Graphene-based magnetic hall sensor for fluid flow analysis at nanoscale level

- IBM

A method of detecting a particle comprises magnetizing a particle using an AC magnetic field; generating an AC voltage in a sensing device having a conductive substantially 2-dimensional lattice structure from the magnetized particle; superimposing a DC magnetic field on the generated AC voltage in the sensing device; and measuring an AC Hall voltage at the sensing device.

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Description
CROSS-REFERENCE TO A RELATED PATENT APPLICATION

This patent application is a divisional patent application of copending U.S. patent application Ser. No. 14/944,766, filed Nov. 18, 2015, which claims priority to U.S. Provisional Patent Application Ser. No. 62/241,594, filed Oct. 14, 2015, the disclosures of which are incorporated by reference herein in their entireties.

BACKGROUND

The exemplary embodiments of this invention relate generally to Hall-effect sensors and, more specifically, to graphene-based Hall-effect sensors and the use thereof for the characterization and analysis of fluid flow at micro-scale or nanoscale levels.

Velocimetry is the measurement of fluid velocity. Velocimetric techniques at microscale levels, such as Microscopic Particle Image Velocimetry (microPIV) and Microscopic Particle Tracking Velocimetry (microPTV), use optical (e.g., laser) detection and are, therefore, limited to microchannels etched in transparent materials, such as glass, polydimethylsiloxane (PDMS), and polymethyl methacrylate (PMMA). Both microPIV and microPTV techniques rely on the excitation of fluorescent microbeads using intense laser light pulses. Both techniques also have several limitations that prevent their application to fluid flow on a nanoscale level.

Magnetic nanoparticles can be used in various velocimetric techniques as markers for biological assays or tracers for fluid flow characterization. However, nanoparticles are generally on the order of about 1 nanometer (nm) to hundreds of nanometers in diameter. As such, their reduced size, weak magnetic field, large surface-to-volume ratio, and thermal disturbance (superparamagnetism) introduce challenges for achieving detectability in moving fluids.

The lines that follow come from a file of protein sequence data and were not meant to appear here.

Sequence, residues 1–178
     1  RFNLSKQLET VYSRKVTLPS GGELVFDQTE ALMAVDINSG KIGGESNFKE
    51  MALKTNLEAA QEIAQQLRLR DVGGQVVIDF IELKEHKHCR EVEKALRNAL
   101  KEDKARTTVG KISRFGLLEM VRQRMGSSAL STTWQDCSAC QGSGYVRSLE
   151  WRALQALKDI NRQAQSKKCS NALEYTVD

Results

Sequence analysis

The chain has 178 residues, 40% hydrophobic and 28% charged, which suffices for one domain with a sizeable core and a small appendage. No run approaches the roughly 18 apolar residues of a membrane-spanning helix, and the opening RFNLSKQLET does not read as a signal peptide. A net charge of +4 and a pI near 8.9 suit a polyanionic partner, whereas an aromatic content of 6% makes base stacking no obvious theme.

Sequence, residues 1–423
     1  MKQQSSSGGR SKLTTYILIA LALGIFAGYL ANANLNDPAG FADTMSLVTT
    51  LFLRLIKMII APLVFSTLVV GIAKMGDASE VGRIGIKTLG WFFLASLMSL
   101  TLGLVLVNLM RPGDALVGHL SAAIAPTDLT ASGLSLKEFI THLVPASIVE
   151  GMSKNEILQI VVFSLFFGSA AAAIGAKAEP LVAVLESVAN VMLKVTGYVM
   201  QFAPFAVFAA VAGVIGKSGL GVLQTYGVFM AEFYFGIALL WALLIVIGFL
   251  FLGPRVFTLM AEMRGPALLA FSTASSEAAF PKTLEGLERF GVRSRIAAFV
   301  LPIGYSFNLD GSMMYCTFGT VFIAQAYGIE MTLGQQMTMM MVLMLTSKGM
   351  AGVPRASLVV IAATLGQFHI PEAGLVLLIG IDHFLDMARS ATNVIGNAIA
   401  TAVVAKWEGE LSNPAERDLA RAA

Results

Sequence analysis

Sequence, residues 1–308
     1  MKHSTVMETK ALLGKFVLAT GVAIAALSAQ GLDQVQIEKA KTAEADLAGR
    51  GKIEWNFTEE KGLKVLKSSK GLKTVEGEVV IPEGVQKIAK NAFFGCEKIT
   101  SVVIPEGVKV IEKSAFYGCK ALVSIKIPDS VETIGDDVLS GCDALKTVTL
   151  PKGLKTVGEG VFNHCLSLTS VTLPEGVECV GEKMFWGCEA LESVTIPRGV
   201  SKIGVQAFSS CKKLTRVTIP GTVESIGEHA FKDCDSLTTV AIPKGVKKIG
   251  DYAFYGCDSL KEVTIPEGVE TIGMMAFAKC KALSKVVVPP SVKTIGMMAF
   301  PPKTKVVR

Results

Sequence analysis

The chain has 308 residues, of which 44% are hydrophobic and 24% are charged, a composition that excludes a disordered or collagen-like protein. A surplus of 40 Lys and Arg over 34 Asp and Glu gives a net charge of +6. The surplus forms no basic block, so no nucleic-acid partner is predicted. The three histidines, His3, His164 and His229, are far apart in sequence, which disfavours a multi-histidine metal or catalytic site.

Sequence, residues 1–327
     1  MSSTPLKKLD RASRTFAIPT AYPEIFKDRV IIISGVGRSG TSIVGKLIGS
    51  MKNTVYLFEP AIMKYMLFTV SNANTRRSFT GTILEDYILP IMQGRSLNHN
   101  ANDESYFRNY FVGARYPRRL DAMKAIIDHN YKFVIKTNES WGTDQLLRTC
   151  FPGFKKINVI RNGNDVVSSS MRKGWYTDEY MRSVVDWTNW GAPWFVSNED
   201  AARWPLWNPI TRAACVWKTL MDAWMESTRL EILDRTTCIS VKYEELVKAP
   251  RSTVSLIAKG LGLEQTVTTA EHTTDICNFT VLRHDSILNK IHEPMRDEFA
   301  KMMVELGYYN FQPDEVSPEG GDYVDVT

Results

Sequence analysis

The fabrication and integration of sensors and generators of magnetic fields into micro-/nanosystems designed to work with nanoparticles may be a complex and difficult task. Use of sensors and generators may also require advanced detection strategies to compensate for poor signal-to-noise ratio in the detection methods. Such detection strategies can be implemented within a CMOS-compatible process, but they can also be implemented in arbitrary substrate devices.

Previous attempts to detect small magnetic particles with Hall sensors employed Si—, InSb—, and graphene-based Hall devices and were able to detect the presence of magnetic microbeads composed of thousands of nanometer-sized iron oxide particles dispersed in a polymer matrix. However, the detection of moving nanoparticles was generally not possible, since the microbeads had to be positioned with highly complex apparatuses (atomic force microscopes (AFM), nanomanipulators, etc.) precisely on top of the sensors, since there was no integration of the sensors into micro-/nanofluidic channels. Furthermore, the sensor areas, which are typically about 1 square micrometer (μm2) to about 6 μm2, made it difficult or even impossible to integrate such sensors into certain micro-/nanofluidic devices. Aside from the difficulties associated with integrating the sensors into micro-/nanofluidic devices, the detection of single nanoparticles that are a few nanometers in diameter has not been demonstrated. Moreover, methods to characterize flow properties of a fluid through micro-/nanofluidic channels based on the exploration of dispersed magnetic nanoparticles have not been successfully carried out.

Alternatively, an Al2O3-based Magnetic Tunnel Junction (MTJ) has been used as a sensor for the detection of magnetic microbeads. The integration of this sensor into a microfluidic channel allowed for the detection of moving microbeads as they rolled on top of the MTJ. It was not, however, demonstrated how this approach could be used to detect the presence of single nanometer-sized magnetic particles, nor how the dispersed particles could be used to better characterize the flow of the surrounding fluid. Additionally, the relatively large size (about 10 μm2) of the sensor hinders its integration into certain micro-/nanofluidic devices.

Along the same lines, MgO-based MTJs have been able to detect 2.5 micro molar (μM) target DNA labeled with 16 nm iron oxide nanoparticles. In doing so, the DNA strands were able to bond on the sensor surface. Provided the coverage was above a certain threshold, a signal was then detected denoting the presence of magnetic labels (nanoparticles). With this approach, it was not possible to detect single nanoparticles nor use them to characterize the flow of carrying fluid. It was also not possible to detect moving magnetic particles, since they had to be attached to the sensor surface for detection. Finally, the setup required a large array (4×104 μm2) of elliptical MTJ sensors, each one having a surface area of 85 μm2, which made it unsuitable for integration into certain micro-/nanofluidic devices.